Carol Goodman Kaufman
Carol Goodman Kaufman is Hadassah's Youth Aliyah National Co-Chair

Dedication and Rededication at Hanukkah

Photo courtesy of Hadassah, the Women’s Zionist Organization of America

The word Hanukkah stems from the three-letter root word ח*נ*כ, meaning dedication. As we prepare for the Festival of Lights this week, we recall the Maccabees’ rededication of the Temple following the defeat of Antiochus’ Seleucid army that desecrated it.

But another word built on the same root is, חנוך, education.

When it comes to Hadassah’s Youth Aliyah project, the word couldn’t be more appropriate. At our Meir Shfeyah, Hadassah Neurim, and Ramat Hadassah Szold youth villages, our staff and faculty are dedicated to providing at-risk and immigrant students with many aspects of education.

Students get such outstanding academic education at Meir Shfeyah that the village has garnered awards for achievement from Israel’s Ministry of Education. In fact, the program there is so good that parents from neighboring Zichron Ya’akov actually petitioned the government to allow their children to attend the high school in the village.

And young immigrants at Hadassah Neurim have competed – and placed — in the World Robotics Competitions held in the United States.

Although some of our students have gone on to careers in law, medicine, and physics following their military service, not every student will go to university. So, outside of academics, we give our students vocational training. Through hands-on experience, they learn high-tech auto mechanics (Neurim’s program is so good that the village has a contract with the IDF); High-tech precision tool-making (Ramat Hadassah Szold); and agriculture, wine-making, and herbal beauty product production (Meir Shfeyah).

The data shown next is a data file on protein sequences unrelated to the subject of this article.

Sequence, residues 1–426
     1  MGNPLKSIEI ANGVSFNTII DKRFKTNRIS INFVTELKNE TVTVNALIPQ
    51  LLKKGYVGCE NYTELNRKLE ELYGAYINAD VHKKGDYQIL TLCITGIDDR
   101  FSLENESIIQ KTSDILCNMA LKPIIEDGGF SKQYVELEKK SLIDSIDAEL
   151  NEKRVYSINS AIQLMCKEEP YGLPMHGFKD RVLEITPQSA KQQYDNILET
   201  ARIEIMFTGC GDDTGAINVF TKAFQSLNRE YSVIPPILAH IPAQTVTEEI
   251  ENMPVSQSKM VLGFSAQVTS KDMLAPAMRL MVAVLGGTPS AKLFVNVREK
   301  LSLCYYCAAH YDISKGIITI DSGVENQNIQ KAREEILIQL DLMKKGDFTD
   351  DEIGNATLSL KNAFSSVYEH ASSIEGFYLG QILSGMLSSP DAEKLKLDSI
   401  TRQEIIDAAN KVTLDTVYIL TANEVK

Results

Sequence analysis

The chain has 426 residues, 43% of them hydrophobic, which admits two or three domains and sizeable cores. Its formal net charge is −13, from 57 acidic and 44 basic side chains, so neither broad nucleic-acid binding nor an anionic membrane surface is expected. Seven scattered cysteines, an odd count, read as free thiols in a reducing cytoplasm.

But most important of all, we dedicate ourselves to healing. Many, many of our children come to us from homes riven with poverty, abuse, and neglect, while a full third come to us alone from places in the FSU that are no longer safe for Jews. Our therapeutic programs are second to none in providing support, structure, and caring.

So, when I light my hanukkiah this year, I’ll dedicate an extra bracha for child rescue.

About the Author
After earning a Ph.D. in psychology, Carol Goodman Kaufman pursued post-doctoral work in criminology, during which time she wrote the book Sins of Omission: The Jewish Community's Reaction to Domestic Violence. A few years ago, she changed direction and began conducting research on food history, and now pens regular columns for both Jewish press and the Worcester Telegram & Gazette as well as freelance articles for regional and national publications. Her volunteer life spans four decades, and includes leadership positions with local, regional, and national organizations, including the Jewish Federation of Central Mass, Congregation Beth Israel, Solomon Schechter Day School, Kadimah Hebrew High School, and Hadassah.
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